An interdisciplinary team of scientists from the University of New Hampshire’s Institute for the Study of Earth, Oceans, and Space (EOS) has been awarded a grant from the National Science Foundation’s (NSF) new Frontiers in Earth-System Dynamics (FESD) program to support a project that crosses the boundaries between space physics, atmospheric, and ice core science.
New Hampshire Small Business Development Center (NH SBDC)
State Director Mary Collins announced that Stewart Gates, business advisor for
the center’s North Country office, has been selected as the 2011 New Hampshire
Beginning Sunday, September 18, 2011 at NASA’s launch facility in Fort Sumner, New Mexico, space scientists from the University of New Hampshire will attempt to send a balloon up to 130,000 feet with a one-ton instrument payload to measure gamma rays from the Crab Pulsar, the remains of a supernova explosion that lies 6,500 light years from Earth. The launch is highly dependent on weather and wind conditions, and the launch window closes at the end of next week.
About 55 million years ago, the Earth burped up a massive release of carbon dioxide into the atmosphere – an amount equivalent to burning all the petroleum and other fossil fuels that exist today. “And we don’t know where it came from,” says University of New Hampshire’s Will Clyde, associate professor of geology. “This is a big part of the carbon cycle that affected the climate system, and we don’t understand it.”
The University of New Hampshire has received a National Science Foundation (NSF) grant to study changes in land use and conservation around national parks in Africa as part of a larger investigation of tropical deforestation and degradation, which are major causes of global climate change.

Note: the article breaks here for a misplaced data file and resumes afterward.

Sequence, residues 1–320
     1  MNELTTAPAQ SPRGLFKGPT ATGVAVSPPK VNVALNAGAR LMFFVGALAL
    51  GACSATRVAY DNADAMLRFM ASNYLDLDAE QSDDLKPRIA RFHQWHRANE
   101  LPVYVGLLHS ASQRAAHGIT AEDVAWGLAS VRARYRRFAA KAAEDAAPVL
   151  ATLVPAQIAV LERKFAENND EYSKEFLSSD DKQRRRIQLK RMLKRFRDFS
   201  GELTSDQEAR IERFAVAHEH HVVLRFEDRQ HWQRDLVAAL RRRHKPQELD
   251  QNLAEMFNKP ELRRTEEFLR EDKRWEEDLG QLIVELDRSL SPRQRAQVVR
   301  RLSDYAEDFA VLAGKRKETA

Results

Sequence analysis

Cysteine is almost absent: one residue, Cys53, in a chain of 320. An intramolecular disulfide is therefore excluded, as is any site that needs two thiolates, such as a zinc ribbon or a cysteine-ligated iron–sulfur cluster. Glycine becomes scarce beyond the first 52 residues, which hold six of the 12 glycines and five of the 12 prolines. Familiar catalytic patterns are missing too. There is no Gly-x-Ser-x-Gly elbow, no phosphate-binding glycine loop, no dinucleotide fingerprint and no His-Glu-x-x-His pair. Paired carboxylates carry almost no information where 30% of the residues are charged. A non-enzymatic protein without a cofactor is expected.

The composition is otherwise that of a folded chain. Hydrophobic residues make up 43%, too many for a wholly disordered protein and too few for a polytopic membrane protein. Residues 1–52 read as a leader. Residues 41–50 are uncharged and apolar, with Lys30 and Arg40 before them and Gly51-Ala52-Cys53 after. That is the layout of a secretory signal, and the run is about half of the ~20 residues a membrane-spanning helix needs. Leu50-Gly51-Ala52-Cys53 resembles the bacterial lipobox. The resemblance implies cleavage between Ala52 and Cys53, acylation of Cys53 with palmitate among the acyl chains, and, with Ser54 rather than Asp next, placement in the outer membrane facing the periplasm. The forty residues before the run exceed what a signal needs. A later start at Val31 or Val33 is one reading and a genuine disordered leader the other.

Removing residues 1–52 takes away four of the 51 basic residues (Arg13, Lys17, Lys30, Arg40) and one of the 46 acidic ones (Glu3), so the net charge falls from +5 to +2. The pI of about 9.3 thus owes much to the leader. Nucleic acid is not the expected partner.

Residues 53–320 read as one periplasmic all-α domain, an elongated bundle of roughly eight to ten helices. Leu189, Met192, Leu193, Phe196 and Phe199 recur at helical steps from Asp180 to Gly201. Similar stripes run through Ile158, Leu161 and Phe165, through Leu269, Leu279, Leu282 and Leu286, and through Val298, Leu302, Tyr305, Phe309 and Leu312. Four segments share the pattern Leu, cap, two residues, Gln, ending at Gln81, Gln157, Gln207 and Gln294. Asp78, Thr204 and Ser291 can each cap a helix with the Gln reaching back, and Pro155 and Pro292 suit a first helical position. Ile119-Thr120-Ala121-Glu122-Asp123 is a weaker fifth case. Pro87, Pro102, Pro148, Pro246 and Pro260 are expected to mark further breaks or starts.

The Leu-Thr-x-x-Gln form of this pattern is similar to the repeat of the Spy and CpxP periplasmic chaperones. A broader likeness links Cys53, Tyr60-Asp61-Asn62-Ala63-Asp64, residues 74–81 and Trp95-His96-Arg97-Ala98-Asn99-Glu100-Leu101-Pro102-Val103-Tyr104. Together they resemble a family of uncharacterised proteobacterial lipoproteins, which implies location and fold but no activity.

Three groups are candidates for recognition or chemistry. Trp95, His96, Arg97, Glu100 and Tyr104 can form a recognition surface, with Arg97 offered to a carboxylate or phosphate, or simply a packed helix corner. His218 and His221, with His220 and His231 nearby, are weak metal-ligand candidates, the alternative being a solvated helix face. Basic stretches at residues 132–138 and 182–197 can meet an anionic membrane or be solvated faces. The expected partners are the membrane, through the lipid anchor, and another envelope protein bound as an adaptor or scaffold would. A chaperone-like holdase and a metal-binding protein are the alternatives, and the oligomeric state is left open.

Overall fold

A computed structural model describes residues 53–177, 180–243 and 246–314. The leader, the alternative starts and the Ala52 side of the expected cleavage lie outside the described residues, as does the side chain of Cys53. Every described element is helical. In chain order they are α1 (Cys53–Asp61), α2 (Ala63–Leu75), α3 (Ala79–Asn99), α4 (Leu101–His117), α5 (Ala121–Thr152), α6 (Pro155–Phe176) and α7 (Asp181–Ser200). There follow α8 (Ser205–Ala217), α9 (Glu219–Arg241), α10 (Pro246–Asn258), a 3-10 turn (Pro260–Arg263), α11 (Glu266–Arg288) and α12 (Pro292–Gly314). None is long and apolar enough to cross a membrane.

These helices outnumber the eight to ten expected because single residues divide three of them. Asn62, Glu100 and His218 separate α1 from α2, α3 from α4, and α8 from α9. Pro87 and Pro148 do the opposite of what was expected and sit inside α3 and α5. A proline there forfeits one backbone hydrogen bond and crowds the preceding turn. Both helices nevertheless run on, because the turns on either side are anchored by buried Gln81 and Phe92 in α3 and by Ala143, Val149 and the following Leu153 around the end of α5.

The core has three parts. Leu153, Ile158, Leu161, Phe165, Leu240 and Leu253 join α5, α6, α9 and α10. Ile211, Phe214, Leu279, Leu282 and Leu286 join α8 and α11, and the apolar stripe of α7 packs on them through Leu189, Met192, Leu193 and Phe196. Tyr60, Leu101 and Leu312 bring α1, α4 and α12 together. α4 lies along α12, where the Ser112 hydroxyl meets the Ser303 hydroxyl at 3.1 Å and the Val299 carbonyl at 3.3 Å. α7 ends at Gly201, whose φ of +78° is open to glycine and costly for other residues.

The Provost’s Research Leveraging Initiative (RLI) recently provided start-up funding to eight visionary UNH projects.
The projects build on existing strengths and infrastructure; involve community, business, and/or academic partners; and employ teams of UNH tenure-track and research faculty, graduate and undergraduate students, and staff.
Does your organization have an innovative idea to solve pressing problems and critical issues in NH? Could you use a $5,000 grant to leverage far greater than that in measurable value? TheAMP NH grant programmay be just what you need to get your project started!
Despite heroic efforts by many individuals involved in the project, significant technical challenges with the on-line effort certification module led to the decision to use the traditional paper-based process for the FY11 certification cycle. Staff in Sponsored Programs Administration (SPA) are distributing the paper reports this week. Deadline for return of signed certifications to SPA is Friday, September 30.